Carson Mell’s Saguaro may well be the best originally self-published title to come out this year. Thanks to the folks at Electric Literature, the book finally has a more traditional publisher, and is available now for your reading pleasure.
We invited Mell to give us a rundown of his favorite titles that were originally self-published — and asked him to please leave out Fifty Shades of Grey if at all possible.
Here’s how he responded:
When I finished writing my first novel, Saguaro in 2006, I was proud of it. I was happy with it, and I wanted more than anything to share it with the world. I even managed to find a literary agent. But no one wanted to publish it. Here I was, having finally written something that I liked, but was told I wouldn’t be sharing it with the world, at least by traditional means. So I self-published it. I found a cheap printer, printed up 250 copies, and sold them over the course of a year. Lots and lots of trips to the post office. But it was worth it. Some of the people who bought the book — strangers — wrote me emails telling me they liked it, that it’d touched them. Those emails made me, for lack of a better word, feel like a “real” writer. I didn’t make much of a profit, but enough to print more copies. I sold out of those as well, and eventually found a publisher to work with to make the book available to a larger audience. But the priceless confidence I gained from printing the book, and hearing back from people who enjoyed it, I owe to self-publishing. When I finished my second novel, The Blue Bourbon Orchestra, I had a bigger, more respected lit agent. We sent it out to every major publisher. Again, nobody wanted to publish it. So I self-published again.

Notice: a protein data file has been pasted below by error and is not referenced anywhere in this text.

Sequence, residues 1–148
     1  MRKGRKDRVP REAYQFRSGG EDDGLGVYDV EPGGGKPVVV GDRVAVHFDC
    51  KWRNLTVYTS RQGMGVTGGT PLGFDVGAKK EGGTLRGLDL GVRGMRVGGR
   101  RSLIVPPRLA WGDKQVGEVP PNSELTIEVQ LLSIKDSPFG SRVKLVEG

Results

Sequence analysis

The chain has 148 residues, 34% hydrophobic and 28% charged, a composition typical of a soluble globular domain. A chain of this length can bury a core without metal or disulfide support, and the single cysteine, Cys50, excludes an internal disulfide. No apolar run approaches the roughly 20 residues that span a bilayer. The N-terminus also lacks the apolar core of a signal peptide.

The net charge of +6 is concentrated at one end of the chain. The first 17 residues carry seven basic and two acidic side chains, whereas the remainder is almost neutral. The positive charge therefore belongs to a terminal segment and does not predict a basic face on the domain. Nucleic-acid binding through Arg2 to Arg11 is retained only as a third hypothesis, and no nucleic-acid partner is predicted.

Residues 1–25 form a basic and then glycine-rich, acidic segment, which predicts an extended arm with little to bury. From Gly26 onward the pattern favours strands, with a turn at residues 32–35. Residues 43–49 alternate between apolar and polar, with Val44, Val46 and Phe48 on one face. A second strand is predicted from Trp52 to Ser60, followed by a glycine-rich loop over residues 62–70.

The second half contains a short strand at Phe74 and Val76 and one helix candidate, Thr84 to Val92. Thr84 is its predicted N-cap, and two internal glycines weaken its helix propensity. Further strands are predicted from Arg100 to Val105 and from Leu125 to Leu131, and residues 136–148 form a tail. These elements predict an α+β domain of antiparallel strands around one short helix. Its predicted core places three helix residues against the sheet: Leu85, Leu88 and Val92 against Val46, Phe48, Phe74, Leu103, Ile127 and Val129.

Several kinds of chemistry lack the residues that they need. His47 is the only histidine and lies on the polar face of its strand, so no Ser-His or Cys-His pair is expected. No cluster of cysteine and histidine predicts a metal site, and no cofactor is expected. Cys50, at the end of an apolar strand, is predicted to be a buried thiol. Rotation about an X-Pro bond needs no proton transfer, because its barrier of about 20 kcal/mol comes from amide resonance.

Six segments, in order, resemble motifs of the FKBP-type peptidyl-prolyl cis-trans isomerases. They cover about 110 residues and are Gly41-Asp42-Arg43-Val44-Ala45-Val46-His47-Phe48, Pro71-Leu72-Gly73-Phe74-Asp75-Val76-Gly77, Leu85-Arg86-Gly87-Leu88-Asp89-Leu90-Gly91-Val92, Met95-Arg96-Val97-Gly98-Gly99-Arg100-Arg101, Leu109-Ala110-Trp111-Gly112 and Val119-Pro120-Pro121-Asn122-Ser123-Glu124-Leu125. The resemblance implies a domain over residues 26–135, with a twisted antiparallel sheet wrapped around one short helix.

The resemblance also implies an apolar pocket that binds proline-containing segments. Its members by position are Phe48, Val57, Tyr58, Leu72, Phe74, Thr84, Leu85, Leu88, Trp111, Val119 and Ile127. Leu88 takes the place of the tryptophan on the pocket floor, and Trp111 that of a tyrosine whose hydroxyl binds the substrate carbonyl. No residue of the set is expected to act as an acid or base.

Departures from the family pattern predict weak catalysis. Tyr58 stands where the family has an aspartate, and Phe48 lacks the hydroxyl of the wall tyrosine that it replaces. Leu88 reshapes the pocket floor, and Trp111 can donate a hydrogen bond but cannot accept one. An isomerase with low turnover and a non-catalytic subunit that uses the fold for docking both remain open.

I’m at work on a third novel, and I would have no problem whatsoever if I have to self-publish it again. It’s almost become a part of my artistic process. Below are six awesome self-published works that wouldn’t have reached their audience had their creators not taken that final step to get the work to their readers.